Let us return to “sustainability”. Clearly, all three cases presage its “environmental” and “social” discourses (Giovannoni and Fabietti 2014): they were about improving the lives of people, in relation to their environments, on a global and local scale. But today, if anyone gives these examples even a passing thought, it is through the lens of neoliberal common sense: the institutional Darwinism of sustainability’s “business” discourse. They did not survive; they therefore failed. As we have seen, applying the lens of contemporary common sense to history is not unusual. But, as Tawney put it, “it is only by dragging into prominence the forces which have triumphed, and thrusting into the background those which they have swallowed up, that an appearance of inevitableness is given to existing institutions …” (Tawney 1912, p. 177). Such is the ideological role of “business discourse” sustainability today.

Sustainability discourse has not been colonised by neoliberalism simply because the latter has become the common sense of our times. There are also important logical – as well as ideological – links between the theoretical apparatus of neoliberalism and the concept of sustainability. These lie in the highly influential popular application of Charles Darwin’s theory of natural selection to social life (ironically, the life’s work of T.H. Huxley, grandfather of UNESCO’s Julian). As Harvey (2007, p. 157) argues, the neoliberal world-view is a “Darwinian” one: “only the fittest should and do survive”. In economics this has been applied to entrepreneurial and business life-cycles, particularly through the idea of “creative destruction” (Schumpeter 1942) – now euphemistically rebranded creative “disruption”. Innovative entrepreneurs (utilising new technologies, new sources of raw materials, or new forms of organisation) supplant and destroy large, well-established but “unsustainable” competitors. The “survival of the fittest” provides a plausible, if bogus, link between the logic of economic theory, natural selection and the ecology of natural systems. Darwinian evolution involves not only innovation (the evolution of new species) but natural selection and extinction. As Harvey has argued, “Schumpeterians have all along gloried in capitalism’s endless creativity while treating the destructiveness as mostly a matter of the normal costs of doing business” (Harvey 2010, p. 46). Extinction is not, however, cost-free; and the costs are borne not only by those who die, but by those who survive.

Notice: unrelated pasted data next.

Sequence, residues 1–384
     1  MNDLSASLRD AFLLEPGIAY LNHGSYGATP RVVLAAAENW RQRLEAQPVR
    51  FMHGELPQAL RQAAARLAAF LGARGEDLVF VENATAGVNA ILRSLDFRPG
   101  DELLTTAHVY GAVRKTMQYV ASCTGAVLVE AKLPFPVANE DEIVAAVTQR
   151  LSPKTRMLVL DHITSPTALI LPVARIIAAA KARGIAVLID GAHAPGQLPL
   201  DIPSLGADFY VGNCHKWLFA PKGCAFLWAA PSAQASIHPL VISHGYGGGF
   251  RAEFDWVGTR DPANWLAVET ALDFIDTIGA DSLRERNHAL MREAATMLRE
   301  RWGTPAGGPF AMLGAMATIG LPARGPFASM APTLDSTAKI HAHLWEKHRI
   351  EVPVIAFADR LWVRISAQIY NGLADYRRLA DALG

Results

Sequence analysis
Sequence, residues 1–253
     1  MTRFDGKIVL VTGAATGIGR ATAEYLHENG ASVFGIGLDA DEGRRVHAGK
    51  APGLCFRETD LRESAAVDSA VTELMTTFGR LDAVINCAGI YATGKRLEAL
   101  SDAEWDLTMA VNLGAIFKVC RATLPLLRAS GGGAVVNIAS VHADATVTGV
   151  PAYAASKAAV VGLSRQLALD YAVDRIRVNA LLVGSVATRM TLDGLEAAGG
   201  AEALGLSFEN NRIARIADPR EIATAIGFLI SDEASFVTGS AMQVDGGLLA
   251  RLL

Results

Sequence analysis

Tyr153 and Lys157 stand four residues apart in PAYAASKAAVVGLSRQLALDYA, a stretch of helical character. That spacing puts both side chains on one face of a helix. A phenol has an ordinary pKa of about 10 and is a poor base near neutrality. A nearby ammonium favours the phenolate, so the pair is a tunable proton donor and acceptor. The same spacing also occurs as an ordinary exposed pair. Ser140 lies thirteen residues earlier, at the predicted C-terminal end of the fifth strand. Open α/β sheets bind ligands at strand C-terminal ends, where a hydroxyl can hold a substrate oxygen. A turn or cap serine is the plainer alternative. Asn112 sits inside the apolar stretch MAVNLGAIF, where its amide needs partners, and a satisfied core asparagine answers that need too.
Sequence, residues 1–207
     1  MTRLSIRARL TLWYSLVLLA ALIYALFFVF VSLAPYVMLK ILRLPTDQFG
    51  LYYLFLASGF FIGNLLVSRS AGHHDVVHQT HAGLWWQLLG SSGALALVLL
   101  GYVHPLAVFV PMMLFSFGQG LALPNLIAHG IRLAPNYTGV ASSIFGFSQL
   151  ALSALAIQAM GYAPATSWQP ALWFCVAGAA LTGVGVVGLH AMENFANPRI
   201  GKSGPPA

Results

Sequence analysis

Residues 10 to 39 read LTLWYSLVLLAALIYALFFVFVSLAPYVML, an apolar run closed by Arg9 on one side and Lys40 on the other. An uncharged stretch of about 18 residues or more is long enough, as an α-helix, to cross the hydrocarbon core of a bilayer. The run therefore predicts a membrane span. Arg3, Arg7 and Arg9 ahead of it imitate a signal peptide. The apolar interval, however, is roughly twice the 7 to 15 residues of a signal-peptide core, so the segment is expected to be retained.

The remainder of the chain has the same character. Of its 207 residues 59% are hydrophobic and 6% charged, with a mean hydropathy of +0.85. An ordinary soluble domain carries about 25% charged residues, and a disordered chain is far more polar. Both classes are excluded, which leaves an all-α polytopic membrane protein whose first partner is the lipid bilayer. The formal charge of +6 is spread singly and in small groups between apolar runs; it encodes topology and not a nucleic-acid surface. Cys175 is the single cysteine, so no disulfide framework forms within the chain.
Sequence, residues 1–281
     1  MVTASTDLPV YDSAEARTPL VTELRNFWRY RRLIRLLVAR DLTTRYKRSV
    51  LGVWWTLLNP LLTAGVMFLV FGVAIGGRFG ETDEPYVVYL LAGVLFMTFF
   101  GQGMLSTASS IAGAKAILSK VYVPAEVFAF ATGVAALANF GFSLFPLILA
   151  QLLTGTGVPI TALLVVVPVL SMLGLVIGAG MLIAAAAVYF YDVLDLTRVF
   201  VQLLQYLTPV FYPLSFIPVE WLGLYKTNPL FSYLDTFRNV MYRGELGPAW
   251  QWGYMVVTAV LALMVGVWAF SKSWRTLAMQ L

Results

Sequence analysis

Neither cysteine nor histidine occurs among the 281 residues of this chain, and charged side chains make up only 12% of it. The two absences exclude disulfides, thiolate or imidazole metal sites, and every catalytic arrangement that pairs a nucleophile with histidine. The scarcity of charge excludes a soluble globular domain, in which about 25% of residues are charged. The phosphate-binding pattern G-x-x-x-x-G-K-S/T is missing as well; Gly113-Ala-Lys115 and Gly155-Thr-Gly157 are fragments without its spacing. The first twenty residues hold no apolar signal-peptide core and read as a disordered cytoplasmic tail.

To conclude: my argument is that the notion of “sustainability” has been misappropriated by neoliberal common sense, in a form stripped of its deeper meanings. When applied to the evolution of adult education, this short-circuits critical analysis, and encourages easy assumptions that an approach or programme which did not survive was unsustainable and failed (or, to use a term favoured among Victorian Social Darwinists, was “unfit”). This is damaging, for at least two reasons. First, it discourages critical historical understanding. As Tawney pointed out, “social evolution” (a term he disliked) takes place “through the action of human beings” – actions often “violent, or merely short-sighted, or deliberately selfish”. An outcome which now appears “inevitable” may once have “hung in the balance as one of several competing possibilities” (Tawney 1912, p. 178). Second, if an educational project, programme or movement has died, we should assume neither that its life had run its natural course, nor that it had nothing further of value to offer.